National Caregiver Awareness Month: Engage the Grief, Then Point to the Savior

During the holidays, stories surface about the holidays being difficult for a great number of people struggling with illness or disability. Reporters often pause to spotlight extraordinary people trying to brighten the lives of patients spending the holidays in hospitals or nursing homes – particularly bringing attention to the wonderful efforts of nurses and hospital staff working hard at transforming clinical environments into warm and friendly places. Celebrity visitors, special meals from the cafeteria, music, and decorations fill the rooms and hospital floors; truly helping patients feel less cut off from family and friends.

Patients receive a great deal of attention (deservedly so), but when addressing the needs of the patient, the loved ones who serve as care-givers can feel relegated to the sidelines. Without diminishing any of the wonderful gestures given to patients, it is important to keep one eye on the caregiver while visiting festively decorated wards. The caregiver's health and well-being serve as the support system for the patient, yet all too often, the needs of the caregiver take a back seat.

Although caregivers often feel reluctant to ask for something for themselves in light of the suffering of their loved one, their own needs are also important. In addition, caregivers also struggle with identifying their needs …due to the difficulty in defining what "help" looks like in their circumstances. Long-term caregivers seldom allow someone else to carry portions of the load, because experience teaches them, unfortunately, that others often weaken and slip away, leaving them alone to repair the damaged caused by another fractured relationship, and wearily resume the burdens.

During the holiday season, when extra attention is on the chronically ill and disabled, take a moment to look into the corner of the hospital room you visit, and see the one with a weary face and heavy bags under their eyes. If unsure as to what to say, the following questions/conversation starters may be helpful:

  • "Are you getting enough sleep?"
  • "I have a fabulous recipe that is so easy to reheat and serve…may I bring you a meal?"
  • "I'm stopping by the grocery store today, is there something I can pick up for you?"
  • "I had to get my oil changed recently…Hey, do you need anything for your car?"
  • "Do you need any yard work done, or gutters cleaned? I have a service I use, and it's so easy to get them to swing by and help…my treat."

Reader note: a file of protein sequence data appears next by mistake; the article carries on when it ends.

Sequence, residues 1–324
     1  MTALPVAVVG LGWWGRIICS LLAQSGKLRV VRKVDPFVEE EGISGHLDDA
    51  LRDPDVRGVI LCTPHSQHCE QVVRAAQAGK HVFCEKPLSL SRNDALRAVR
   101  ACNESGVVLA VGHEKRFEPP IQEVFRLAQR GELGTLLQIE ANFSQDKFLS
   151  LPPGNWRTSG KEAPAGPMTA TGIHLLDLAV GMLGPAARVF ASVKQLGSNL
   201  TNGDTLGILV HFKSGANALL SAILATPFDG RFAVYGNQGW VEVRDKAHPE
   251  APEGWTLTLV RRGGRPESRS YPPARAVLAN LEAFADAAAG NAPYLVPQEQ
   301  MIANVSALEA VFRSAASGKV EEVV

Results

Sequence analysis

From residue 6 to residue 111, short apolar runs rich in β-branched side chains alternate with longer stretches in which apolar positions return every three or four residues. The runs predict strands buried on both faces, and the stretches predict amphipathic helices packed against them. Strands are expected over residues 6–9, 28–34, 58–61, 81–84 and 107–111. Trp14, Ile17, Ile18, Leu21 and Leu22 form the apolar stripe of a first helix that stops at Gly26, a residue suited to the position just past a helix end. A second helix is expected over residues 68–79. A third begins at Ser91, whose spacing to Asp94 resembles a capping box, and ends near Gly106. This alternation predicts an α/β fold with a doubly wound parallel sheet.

• "Have you seen your doctor lately?"

Offer to sit with their loved one, so that the caregiver can slip away for their own doctor visit if needed. Since a caregiver probably feels a reluctance to ask for help, the easier you make the decision, the more helpful you will be to them. Caring for caregivers is not complicated; often, they are so tired …that they can sleep anywhere, eat anything , and they gratefully accept kind words when offered.

The eleventh chapter of John speaks to the tenderness of Jesus toward Mary and Martha who cared for their brother, Lazarus, until his death. Acknowledging their grief and pain, Jesus Himself grieved with the distraught sisters.

Now when Mary came to where Jesus was and saw him, she fell at his feet, saying to him, "Lord, if you had been here, my brother would not have died."
 When Jesus saw her weeping, and the Jews who had come with her also weeping, he was deeply moved in his spirit and greatly troubled.
 And he said, "Where have you laid him?"
 They said to him, "Lord, come and see."
 Jesus wept.
–John 11:32-35 English Standard Version

Caregivers know the harsh realities better than most, and do not desire platitudes, but instead require real friends with the courage to shed tears and share grief. When ministering to a caregiver, engage the grief first – then point to the Savior.

This Christmas and holiday season, make an effort to reach out to a caregiver, and even after the decorations come down. As you do so, it is important to remember that if you love someone, odds are you will one day be a caregiver yourself – or need one.

Let each of you look not only to his own interests,
 but also to the interests of others.
–Philippians 2:4 English Standard Version

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